I haven’t blogged in a bit, but with all the political talk now-a-days surrounding the teachers strikes in Ontario, I wanted to share an exchange with an union member I had recently. I’ve written a lot about education issues on this blog over the years, and felt the need to pipe up now.
Photo’s (not the one used in this post, and this photo is of an actual classroom that the teacher allowed the kids to mess up) have surfaced by education union members of trashed classrooms citing the need for more funds and adequate support. I did a lot of advocacy around student safety over the past decade and I wanted to share this particular response I wrote to a teacher defending the need for more funding for supports in the classroom to deal with “workplace violence”:
In 2009 kids from Keswick High School walked out on mass due to an Asian student being wrongfully expelled. I worked along side youth advocates to find out exactly what was going on in the education system. I’m a systems analyst.
What happened at Keswick High was a complete breakdown of the system. Legislation wasn’t properly followed, and funds earmarked for “student safety” never seemed to materialize at the school level despite having traced the funds from the province to the YRDSB.
Our local news paper wouldn’t hold our trustee to account for any of this because she had political and community connections and they were worried they were going to lose advertising dollars. It took this trustee shouting “nigger” to a black parent seven years later before she was held to account. This trustee also suffered from dementia. She was the lead psychologist on the YRDSB’s student disciplinary panel. The YRDSB and her family tried to cover her illness up to avoid the board getting sued.
Shortly after the Keswick High incident I started questioning the boards budget. They withheld any information regarding the breakdown of the budget and refused to provide any details on money allocated towards student safety from the province, citing privacy laws. When questioned about policies surrounding student safety and trying to obtain documents from the board in that respect, they gave me a $900 quote for that information. In 2016 the province sent investigators in due to systemic racism, and fiscal mismanagement.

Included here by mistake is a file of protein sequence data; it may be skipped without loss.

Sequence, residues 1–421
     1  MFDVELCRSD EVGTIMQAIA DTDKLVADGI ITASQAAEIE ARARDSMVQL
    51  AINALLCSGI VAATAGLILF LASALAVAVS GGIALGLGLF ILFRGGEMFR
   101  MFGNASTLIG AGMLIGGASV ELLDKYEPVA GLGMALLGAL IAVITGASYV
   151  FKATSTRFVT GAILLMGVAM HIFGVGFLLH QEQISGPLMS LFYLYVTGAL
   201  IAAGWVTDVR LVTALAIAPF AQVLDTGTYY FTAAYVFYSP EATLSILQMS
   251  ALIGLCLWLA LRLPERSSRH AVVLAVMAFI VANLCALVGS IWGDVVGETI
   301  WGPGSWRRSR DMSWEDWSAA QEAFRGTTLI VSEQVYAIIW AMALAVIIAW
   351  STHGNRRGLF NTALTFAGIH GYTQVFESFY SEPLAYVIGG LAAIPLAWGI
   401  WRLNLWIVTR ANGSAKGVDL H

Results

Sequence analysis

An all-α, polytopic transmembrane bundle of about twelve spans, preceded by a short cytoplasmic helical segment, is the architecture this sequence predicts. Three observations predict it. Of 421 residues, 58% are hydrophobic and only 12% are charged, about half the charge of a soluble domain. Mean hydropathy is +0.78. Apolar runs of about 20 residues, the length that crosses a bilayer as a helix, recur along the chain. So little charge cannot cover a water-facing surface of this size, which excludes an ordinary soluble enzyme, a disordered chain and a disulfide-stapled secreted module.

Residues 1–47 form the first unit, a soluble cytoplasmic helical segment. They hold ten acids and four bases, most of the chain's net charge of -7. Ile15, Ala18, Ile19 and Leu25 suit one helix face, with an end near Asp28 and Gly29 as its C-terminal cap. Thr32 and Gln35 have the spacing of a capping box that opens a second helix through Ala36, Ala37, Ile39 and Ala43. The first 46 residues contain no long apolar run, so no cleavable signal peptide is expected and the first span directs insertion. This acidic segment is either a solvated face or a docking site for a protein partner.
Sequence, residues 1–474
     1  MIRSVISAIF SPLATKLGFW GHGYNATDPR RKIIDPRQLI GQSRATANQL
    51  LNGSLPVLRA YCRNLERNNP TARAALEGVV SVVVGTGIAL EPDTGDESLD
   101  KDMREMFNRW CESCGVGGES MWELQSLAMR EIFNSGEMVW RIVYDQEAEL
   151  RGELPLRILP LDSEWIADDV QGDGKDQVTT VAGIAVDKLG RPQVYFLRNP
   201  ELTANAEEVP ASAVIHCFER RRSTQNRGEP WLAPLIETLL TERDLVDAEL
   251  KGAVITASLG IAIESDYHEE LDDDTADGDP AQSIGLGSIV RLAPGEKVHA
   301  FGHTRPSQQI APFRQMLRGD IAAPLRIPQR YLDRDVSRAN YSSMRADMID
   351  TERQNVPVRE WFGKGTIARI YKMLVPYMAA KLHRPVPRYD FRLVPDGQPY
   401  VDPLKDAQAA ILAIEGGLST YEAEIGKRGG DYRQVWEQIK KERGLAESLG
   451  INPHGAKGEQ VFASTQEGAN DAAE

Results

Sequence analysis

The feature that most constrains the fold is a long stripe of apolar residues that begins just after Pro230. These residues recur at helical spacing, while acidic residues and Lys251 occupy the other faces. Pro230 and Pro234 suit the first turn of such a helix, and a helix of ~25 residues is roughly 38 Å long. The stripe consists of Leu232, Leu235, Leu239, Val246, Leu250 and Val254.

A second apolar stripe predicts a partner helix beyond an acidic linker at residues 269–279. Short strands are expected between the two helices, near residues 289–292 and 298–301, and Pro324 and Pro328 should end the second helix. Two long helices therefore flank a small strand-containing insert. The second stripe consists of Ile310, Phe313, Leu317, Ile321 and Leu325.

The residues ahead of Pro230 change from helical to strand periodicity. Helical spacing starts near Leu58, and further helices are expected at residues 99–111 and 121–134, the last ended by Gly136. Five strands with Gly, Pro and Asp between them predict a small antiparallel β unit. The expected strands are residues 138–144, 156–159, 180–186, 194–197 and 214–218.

On the policy side of things when trying to tighten up the language regarding student safety and staff accountability in legislation your unions first agreed with the language, supported parents, and then took great exception to even the definition of student safety and having their members being held to account for NOT REPORTING instances of student violence in the classroom, once all landed in committee. I would provide you with testimony your unions provided to committees studying this, but the current government has recently removed that testimony from the parliamentary website. Legislation was introduced through Bills 13 and 14 in 2012 if you’d like to do more research on that.
To sidestep this, I was the lead advocate advocating for the Ombudsman to oversee the school sector. I eventually won that argument with the province only to find that office handcuffed, not able investigate systemic issues, and pretty much doesn’t investigate anything after this office received it’s expanded mandate to the education sector from Wynne.
When you speak of student safety this is just the tip of a very big iceberg, and no amount of money is going to fix this. Your union leadership knows this, and if this was truly about student safety and the lack of resources, your unions would be taking a greater issue with board accountability then they are right now, and they won’t because it exposes the lack of accountability at the staff level as well, which would become a part of the conversation if they take the boards to task on this. So the best thing they can do is fight for compensation and sick days citing a non-existent problem or lack of evidence to support because they refuse to allow their members to report on student violence, endangering all of you.
As a union member you hold voting power, and up an until union members hold their own leadership to account and not afraid to speak up against them, than you’re all in the same boat to me, and your credibility means very little when measuring facts against talking points.